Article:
Starbucks’ Commitment to Higher Accessibility Standards Challenges Other National Corporations to Match Them

Published April 14, 2022

Starbucks has announced a commitment to higher standards for accessibility efforts in the form of digital and physical improvements that would streamline ordering and interactions for customers with disabilities.

Physical accessibility efforts announced by Starbucks include store designs that will make locations more easily navigable by people with disabilities and configurations that will make customer interactions more accessible for all.

Regarding technological improvements, the coffee giant announced live speech-to-text technology that would streamline communication processes between baristas and customers with auditory issues. Additionally, a digital board that announces when an order is ready is in the works to ensure all customers are aware of their order status even if they cannot rely on auditory cues.

Part of the company’s push for inclusivity is a commitment to opening 1,000 more of what it calls “community stores,” locations added to developing and underserved communities meant to serve as more than just coffee shops. By partnering with non-profits and local, diverse contractors, these stores would bring economic opportunities to urban and rural communities. 

About 150 of these community stores exist already across the globe, and Starbucks hopes to fulfill its accessibility vision of creating 1,000 more by 2030.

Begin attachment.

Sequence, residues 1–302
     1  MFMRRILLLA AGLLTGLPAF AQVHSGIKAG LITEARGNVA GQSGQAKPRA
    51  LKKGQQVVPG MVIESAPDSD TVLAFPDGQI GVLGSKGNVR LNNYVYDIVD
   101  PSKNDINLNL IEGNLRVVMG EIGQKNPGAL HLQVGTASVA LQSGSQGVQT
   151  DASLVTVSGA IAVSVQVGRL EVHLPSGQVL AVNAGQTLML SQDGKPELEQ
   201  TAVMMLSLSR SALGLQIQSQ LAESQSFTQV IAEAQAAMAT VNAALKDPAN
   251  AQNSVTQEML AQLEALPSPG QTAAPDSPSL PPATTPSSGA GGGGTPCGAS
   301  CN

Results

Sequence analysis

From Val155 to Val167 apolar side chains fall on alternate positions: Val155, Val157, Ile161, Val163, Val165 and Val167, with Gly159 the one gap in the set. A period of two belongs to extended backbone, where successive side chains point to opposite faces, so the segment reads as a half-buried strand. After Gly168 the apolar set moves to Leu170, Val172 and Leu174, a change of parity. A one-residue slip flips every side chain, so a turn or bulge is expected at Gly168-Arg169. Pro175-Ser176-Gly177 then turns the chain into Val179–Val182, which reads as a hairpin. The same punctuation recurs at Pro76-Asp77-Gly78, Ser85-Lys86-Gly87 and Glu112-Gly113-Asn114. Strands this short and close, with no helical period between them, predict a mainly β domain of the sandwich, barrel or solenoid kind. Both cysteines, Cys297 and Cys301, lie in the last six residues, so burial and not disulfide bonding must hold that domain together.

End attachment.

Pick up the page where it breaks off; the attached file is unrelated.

Regarding effective communication, the company began offering free Aira in the past year. This service connects people with visual impairments to trained visual interpreters who provide access to visual information about the customer’s surroundings through a smartphone app. 

Additionally, Starbucks also offers large-print and Braille menus in all United States and Canada stores. And across the globe, Starbucks operates 11 “signing stores” that provide sign language services for customers with auditory issues.

“We applaud Starbucks commitment to designing more accessible in-store and digital experiences that create a true sense of belonging for everyone,” says Jill Houghton, President, and CEO, Disability:IN. "This inclusive design methodology helps level the playing field by recognizing disability is part of the human condition and is a natural part of anyone’s identity. We know that by designing a better experience for people with disabilities, you are also designing a better experience for all.”

Keeping up with Starbucks

As the nation’s top coffee chain, Starbucks is in the unique position of setting an example for other American corporations to follow. Where a big name like Starbucks goes, other big food service names are sure to follow, if only to keep up with the services their competitors provide.

Ideally, Starbucks will continue to set higher standards regarding inclusivity and accessibility. Hopefully, the rest of corporate America will be motivated to meet those standards or even surpass them.

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